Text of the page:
Plate-like structures made of composite materials are becoming increasingly common in aerospace industry, ground transportation, civil engineering, etc. They are often over-designed to compensate for a lack of efficient techniques for evaluating the initial integrity of the mechanical structures and/or for a reliable monitoring of damage and aging.
Established ultrasonic techniques for Quantitative Non-Destructive Evaluation (QNDE) rely on a wide variety of different wave propagation mechanisms. In particular, Rayleigh waves (RW) are used to detect subsurface flaws in thick plates, while Lamb Waves (LW) are by far the most used in thin plates inspection, since they can explore the entire thickness of the plate and propagate a long distance without appreciable attenuation. However, LW testing is generally complicated by the coexistence of at least two modes at any given frequency and by the strongly dispersive nature of these modes at high frequency. Furthermore, a single and pure Lamb mode may generate a variety of other modes either by interacting with a surface or subsurface flaw or by crossing the interface between two materials of different impedance . As a consequence the output signal becomes richer, but often very difficult to interpret and a detailed physical analysis of the propagation mechanism may be of great interest[2-3].
Given the wave frequency, thickness and physical properties of the plate material, we simulate, using the Local Interaction Simulation Approach (LISA) [5-8], the interaction of LW's with various kinds of defects. Simulations can be performed not only to suggest new experiments but also to provide an interpretation of existent experimental results. A comparison between experimental and simulated results may be very instructive and is certainly of interest.
In particular, in the framework of the European project DAMASCOS (Damage Assessment in Smart Composite Structures), we are interested in simulating damage phenomena in composite materials in order to optimize the interrogation frequency and use of propagating modes.
RESULTS AND DISCUSSION
In the present contribution we simulate the propagation of LW's through a composite plate (3 mm thick) initially intact and then damaged by a passing-by hole of diameter ranging from 1 to 10 mm. This simple, well defined defect geometry was chosen in order to validate our method and obtain a quantitative comparison with experimental results in a controlled and reproducible case. The material sample considered is a Carbon Fiber Reinforced Plastic (CFRP) plate. The ultrasonic source/sensor configuration is schematized in Figure 1. The experimental results considered for the comparison were produced within the DAMASCOS partnership, in particular by INSA Laboratoires of Lyon, France, and University of Valenciennes (VA), France.
Fig 1: |
In Figures 2a, 2b and 2c we present snapshots at a fixed time (t = 126 m s) of the out-of-plane displacement components of the LW propagating in the plate in the cases of 1, 4 and 10 mm holes, respectively. In these plots both the faster S0 and the A0 modes are visible. The S0 mode is seen already reflected back from the edge of the specimen. The interference pattern caused by the defect is clearly visible. However, in order to quantitatively highlight the differences between the faulted and reference (unfaulted) cases, we show, in Figure 3a, 3b, 3c, the "signature" of the hole, i.e. the difference between the displacement maps of the damaged and undamaged case. Note that the amplitude range in the grayness scales is (-0.01,0.01) in the upper plot, (-0.1,0.06) in the middle plot and (-0.15,-0.08) in the bottom plot. Thus, as expected, the greater the hole diameter, the greater its signature.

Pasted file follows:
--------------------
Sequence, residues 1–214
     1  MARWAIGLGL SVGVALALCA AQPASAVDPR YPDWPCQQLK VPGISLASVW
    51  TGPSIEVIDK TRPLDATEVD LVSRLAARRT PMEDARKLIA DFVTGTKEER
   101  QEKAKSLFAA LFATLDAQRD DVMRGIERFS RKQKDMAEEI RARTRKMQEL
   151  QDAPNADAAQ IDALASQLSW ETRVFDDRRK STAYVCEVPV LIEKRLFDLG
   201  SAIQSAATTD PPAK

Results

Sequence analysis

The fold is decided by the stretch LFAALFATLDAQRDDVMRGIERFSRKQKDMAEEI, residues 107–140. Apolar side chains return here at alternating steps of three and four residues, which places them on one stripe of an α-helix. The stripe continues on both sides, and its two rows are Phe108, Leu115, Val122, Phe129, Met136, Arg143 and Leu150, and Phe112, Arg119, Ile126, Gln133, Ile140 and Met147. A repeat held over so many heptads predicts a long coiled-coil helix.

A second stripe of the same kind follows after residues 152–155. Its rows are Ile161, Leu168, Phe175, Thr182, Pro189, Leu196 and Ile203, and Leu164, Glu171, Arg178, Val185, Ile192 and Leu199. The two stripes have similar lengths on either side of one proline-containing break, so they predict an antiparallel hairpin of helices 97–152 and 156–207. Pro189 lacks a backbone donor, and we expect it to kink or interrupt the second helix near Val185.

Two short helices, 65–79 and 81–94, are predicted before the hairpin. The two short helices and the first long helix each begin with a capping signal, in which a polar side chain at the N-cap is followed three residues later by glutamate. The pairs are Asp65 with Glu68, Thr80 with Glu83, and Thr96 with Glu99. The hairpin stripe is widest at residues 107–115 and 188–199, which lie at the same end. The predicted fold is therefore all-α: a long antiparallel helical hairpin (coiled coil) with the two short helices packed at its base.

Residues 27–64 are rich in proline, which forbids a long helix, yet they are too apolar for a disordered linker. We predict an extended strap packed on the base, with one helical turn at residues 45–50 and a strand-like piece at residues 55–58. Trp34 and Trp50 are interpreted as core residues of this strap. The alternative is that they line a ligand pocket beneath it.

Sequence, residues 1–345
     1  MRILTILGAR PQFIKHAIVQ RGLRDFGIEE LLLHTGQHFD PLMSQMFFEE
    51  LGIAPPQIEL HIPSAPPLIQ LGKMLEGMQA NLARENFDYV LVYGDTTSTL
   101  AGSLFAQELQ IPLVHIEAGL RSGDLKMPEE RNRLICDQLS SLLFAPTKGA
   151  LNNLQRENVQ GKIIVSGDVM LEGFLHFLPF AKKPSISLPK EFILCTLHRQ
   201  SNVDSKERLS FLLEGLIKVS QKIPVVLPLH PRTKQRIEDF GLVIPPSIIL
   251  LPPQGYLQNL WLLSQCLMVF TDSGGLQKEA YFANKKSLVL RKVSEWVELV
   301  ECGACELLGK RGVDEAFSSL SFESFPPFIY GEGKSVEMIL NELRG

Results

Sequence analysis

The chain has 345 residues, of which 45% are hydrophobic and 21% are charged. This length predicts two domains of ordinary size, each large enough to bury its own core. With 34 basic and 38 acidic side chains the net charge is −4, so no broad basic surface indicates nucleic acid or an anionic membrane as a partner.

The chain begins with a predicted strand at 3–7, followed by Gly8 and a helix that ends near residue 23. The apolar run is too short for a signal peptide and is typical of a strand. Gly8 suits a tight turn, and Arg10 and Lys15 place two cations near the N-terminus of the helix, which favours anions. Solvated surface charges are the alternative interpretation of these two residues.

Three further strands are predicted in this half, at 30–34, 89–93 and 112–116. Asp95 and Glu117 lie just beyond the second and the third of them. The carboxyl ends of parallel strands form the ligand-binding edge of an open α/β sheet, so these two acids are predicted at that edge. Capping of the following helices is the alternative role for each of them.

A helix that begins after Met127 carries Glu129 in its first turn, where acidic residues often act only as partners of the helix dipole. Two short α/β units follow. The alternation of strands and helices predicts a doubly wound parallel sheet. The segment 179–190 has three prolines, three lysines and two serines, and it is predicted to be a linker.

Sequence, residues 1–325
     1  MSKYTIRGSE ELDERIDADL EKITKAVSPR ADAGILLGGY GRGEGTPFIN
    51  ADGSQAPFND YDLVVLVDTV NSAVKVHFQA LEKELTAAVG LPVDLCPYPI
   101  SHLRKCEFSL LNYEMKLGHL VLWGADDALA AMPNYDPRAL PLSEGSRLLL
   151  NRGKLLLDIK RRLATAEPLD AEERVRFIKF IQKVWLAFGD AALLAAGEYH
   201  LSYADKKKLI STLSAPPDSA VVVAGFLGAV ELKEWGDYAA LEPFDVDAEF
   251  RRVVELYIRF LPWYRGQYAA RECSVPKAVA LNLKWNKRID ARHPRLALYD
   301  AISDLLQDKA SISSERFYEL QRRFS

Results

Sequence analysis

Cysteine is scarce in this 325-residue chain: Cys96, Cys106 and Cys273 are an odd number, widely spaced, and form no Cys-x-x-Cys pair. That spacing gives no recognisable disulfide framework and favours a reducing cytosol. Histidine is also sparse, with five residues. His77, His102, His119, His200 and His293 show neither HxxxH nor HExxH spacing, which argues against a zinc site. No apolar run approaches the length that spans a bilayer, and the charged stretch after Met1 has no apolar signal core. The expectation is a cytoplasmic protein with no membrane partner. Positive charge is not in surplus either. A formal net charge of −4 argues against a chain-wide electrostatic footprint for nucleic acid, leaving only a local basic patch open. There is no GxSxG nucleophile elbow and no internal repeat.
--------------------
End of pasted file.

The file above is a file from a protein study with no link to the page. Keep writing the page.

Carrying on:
Fig 2a: ||
Fig 2: Map of the out-of-plane component of the displacement at the time t = 126 ms. From top to bottom: plate with a hole of ø = 1, 4, 10 mm, respectively.||Figure 3: "Signature" of the defect. From top to bottom: plate with a hole of Æ = 1, 4, 10 mm, respectively. Notice the difference in the grayness scales. |
Figure 4 shows the comparison between the S0 signals at the receiver obtained from our simulations (continuous line) and INSA experimental data (dotted line) for the unfaulted plate (upper plot) and for the plate with the 10 mm-hole (lower plot). We can observe a good quantitative agreement between synthetic and experimental results.
Fig 4: Temporal signals at the receiver: comparison between our simulations (continuous line) and INSA experimental data (dotted line) for the unfaulted plate (upper plot) and for the plate with the 10 mm-hole (lower plot).|
The S0 Lamb mode spectrum amplitude maximum and time shift versus hole diameter are shown in Figure 5, displaying a quantitative comparison between simulation (continuous line) and experimental results (INSA: dotted line; VA: dashed line). (By courtesy of Thomas Monnier.)
|Fig 5: S0 Lamb mode Spectrum Amplitude Maximum and Time Shift versus hole diameter (continuous line: simulations; dotted line: INSA; dashed line: VA) in GRP. By courtesy of Thomas Monnier.|
This work was supported by the European Community through a Brite EuRam Grant (project No BE-97.4213 ''DAMASCOS''), and by the INFM Parallel Computing Initiative. In addition, the authors wish to thank Drs. T. Monnier (INSA Laboratoires, Lyon, France) and S. Grondel (University of Valenciennes, France) for allowing us to include here their experimental results and for fruitful discussions.
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